In a classic case of unintended consequences, non-binary singer Sam Smith will find himself neither here nor there when awards for best male and female performers are announced at this year’s Brit Awards.
Smith – who told the world in 2019 that “I’m not male or female, I think I flow somewhere in between” – is now complaining that he is excluded from the best vocalist award which is decided along gender lines.
His album Love Goes, which has been in the British Top 40 for five months, is eligible for British album of the year when the awards are announced in May. But Smith has inadvertently cancelled himself from the best male artist category.
Smith told his 15 million Instagram followers: “I look forward to a time where awards shows can be reflective of the society we live in.”
The good news for Smith is that they already are. Ninety-nine per cent of Brits identify as either a man or a woman.
But this is not enough for Smith who insists on using pronouns they/them.
He wants the awards to reflect “society” – by which he means a minuscule minority. It is telling that he did not ask for the awards to reflect reality.
Organisers of the Brit Awards have, as you would expect, reacted wokely.
They issued a statement last Friday promising to “evolve the show to be as inclusive and relevant as possible” by which we presume to mean they will ignore science to be as ridiculous and as irrelevant as possible.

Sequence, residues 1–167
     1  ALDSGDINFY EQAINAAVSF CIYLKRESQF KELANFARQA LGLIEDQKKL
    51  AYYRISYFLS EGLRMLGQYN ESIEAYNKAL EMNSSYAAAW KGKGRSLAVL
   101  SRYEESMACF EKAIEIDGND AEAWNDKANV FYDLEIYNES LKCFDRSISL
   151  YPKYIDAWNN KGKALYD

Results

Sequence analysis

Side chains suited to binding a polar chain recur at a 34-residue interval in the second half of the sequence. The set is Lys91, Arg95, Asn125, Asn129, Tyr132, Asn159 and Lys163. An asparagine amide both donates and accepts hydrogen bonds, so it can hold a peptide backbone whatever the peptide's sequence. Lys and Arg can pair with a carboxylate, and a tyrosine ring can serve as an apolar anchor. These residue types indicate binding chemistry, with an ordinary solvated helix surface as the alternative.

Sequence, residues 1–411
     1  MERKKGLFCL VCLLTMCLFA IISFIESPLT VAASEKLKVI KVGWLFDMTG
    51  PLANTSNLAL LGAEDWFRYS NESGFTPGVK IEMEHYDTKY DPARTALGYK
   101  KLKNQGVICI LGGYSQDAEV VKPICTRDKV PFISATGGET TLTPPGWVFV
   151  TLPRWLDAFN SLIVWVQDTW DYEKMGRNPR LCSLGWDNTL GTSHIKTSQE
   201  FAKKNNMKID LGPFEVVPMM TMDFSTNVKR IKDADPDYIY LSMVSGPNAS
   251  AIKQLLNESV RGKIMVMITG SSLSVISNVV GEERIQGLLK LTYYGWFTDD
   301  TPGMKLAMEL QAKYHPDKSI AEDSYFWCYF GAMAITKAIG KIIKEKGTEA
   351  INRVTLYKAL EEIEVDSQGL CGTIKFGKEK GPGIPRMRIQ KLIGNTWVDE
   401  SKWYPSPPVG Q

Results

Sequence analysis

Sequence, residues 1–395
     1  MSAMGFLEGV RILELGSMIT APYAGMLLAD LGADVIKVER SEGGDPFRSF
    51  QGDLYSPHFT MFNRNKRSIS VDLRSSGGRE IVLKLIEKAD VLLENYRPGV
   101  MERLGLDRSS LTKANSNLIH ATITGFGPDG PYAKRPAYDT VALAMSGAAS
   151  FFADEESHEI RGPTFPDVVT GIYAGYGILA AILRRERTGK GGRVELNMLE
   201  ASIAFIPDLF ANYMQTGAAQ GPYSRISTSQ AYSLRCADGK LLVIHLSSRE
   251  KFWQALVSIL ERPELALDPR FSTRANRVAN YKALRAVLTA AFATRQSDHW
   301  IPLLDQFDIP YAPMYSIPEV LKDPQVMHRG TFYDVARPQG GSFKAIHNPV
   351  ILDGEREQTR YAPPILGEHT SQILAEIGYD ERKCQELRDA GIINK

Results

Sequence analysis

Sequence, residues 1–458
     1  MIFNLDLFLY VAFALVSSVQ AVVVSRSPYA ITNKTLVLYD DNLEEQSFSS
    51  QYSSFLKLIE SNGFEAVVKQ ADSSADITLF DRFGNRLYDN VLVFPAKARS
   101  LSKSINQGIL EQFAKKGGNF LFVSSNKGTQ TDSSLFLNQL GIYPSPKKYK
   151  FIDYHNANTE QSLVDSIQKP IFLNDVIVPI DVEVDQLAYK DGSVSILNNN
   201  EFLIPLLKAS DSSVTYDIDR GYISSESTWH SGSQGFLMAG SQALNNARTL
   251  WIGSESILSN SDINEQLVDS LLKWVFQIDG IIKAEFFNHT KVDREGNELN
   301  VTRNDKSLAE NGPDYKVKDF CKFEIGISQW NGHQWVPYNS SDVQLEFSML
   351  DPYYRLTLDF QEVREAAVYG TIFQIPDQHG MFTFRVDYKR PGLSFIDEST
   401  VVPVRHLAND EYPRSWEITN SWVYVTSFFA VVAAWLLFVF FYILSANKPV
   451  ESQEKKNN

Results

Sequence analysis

“The gendered categories are very much under review,” the Academy said. “We need to consult more widely before changes are made to make sure we get it right.”
Well of course.
The Brit Awards only have male and female gendered categories at present because organisers have only had the chance to consult biology.
But after organisers consult more widely, by which they mean read Twitter, big changes are expected.
One imagines that the 2022 awards will feature hundreds of categories ranging from best male and best female vocalist to best polygender and best gender apathetic (yes, that’s a thing) vocalist.
But surely the most progressive thing to do would be to simply lump anyone who doesn’t identify as male into the female category. They’re already doing it in sport.
They could give awards to the Best British Male Solo Artist and to the Best British Non-Male Solo Artist. Problem solved.
Sure some ladies will complain, but only because they are trans exclusionary bigots.
If this is unacceptable then perhaps the Brit Awards should keep the male and female categories but add a third – Best British Seeking Attention by Any Means Solo Artist.
Sam Smith would clean up.
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